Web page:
Bees as Biosensors: Chemosensory Ability, Honey Bee Monitoring Systems, and Emergent Sensor Technologies Derived from the Pollinator Syndrome.

Bromenshenk JJ, Henderson CB, Seccomb RA, Welch PM, Debnam SE, Firth DR - Biosensors (Basel) (2015)

Harmonic radar marking and tracking chip. Note the tall, vertical antennae.
© Copyright Policy
Related In: Results  -  Collection

License
Show All Figures
getmorefigures.php?uid=PMC4697140&req=5

biosensors-05-00678-f004: Harmonic radar marking and tracking chip. Note the tall, vertical antennae.
Mentions: Shortly thereafter, Joseph Riley, at the Natural Resources Institute (NRI) Radar Unit, Worcestershire, UK, and his team of engineers and investigators re-visited the chip marker approach to tracking bees. An idea to track bees came from the Rothamsted Experimental Station; NRI solved the problem [52]. The NRI unit later became part of Rothamsted Research. Riley’s team successfully followed flying bees using hand-held readers and harmonic radar chips fastened to bees (Figure 4) [53,54,55,56,57]. Unlike most other radio-frequency tags, harmonic radar tags re-radiate the radio-frequency (RF) signal at twice the frequency; a 917 MHz signal will be returned at 1845 MHz.

Bottom Line: Observations of bee odor search behavior extend back to Aristotle.In the past two decades great strides have been made in methods and instrumentation for the study and exploitation of bee search behavior and for examining intra-organismal chemical communication signals.In particular, bees can be trained to search for and localize sources for a variety of chemicals, which when coupled with emerging tracking and mapping technologies create novel potential for research, as well as bee and crop management.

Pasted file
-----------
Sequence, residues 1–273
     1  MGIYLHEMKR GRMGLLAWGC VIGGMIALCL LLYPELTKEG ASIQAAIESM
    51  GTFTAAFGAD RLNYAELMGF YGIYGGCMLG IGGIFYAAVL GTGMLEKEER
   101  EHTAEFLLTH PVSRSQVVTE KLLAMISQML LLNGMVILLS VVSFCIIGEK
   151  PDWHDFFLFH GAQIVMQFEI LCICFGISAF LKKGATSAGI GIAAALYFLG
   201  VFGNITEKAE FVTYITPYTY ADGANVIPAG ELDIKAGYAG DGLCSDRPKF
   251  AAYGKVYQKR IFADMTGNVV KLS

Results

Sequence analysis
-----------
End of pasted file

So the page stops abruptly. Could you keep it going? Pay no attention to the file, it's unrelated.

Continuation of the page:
View Article: PubMed Central - PubMed

Affiliation: Bee Alert Technology, Inc., 91 Campus Drive, PMB# 2604, Missoula, MT 59801, USA. beeresearch@aol.com.

ABSTRACT
This review focuses on critical milestones in the development path for the use of bees, mainly honey bees and bumble bees, as sentinels and biosensors. These keystone species comprise the most abundant pollinators of agro-ecosystems. Pollinating 70%-80% of flowering terrestrial plants, bees and other insects propel the reproduction and survival of plants and themselves, as well as improve the quantity and quality of seeds, nuts, and fruits that feed birds, wildlife, and us. Flowers provide insects with energy, nutrients, and shelter, while pollinators are essential to global ecosystem productivity and stability. A rich and diverse milieu of chemical signals establishes and maintains this intimate partnership. Observations of bee odor search behavior extend back to Aristotle. In the past two decades great strides have been made in methods and instrumentation for the study and exploitation of bee search behavior and for examining intra-organismal chemical communication signals. In particular, bees can be trained to search for and localize sources for a variety of chemicals, which when coupled with emerging tracking and mapping technologies create novel potential for research, as well as bee and crop management.

Show MeSH
Related in: MedlinePlus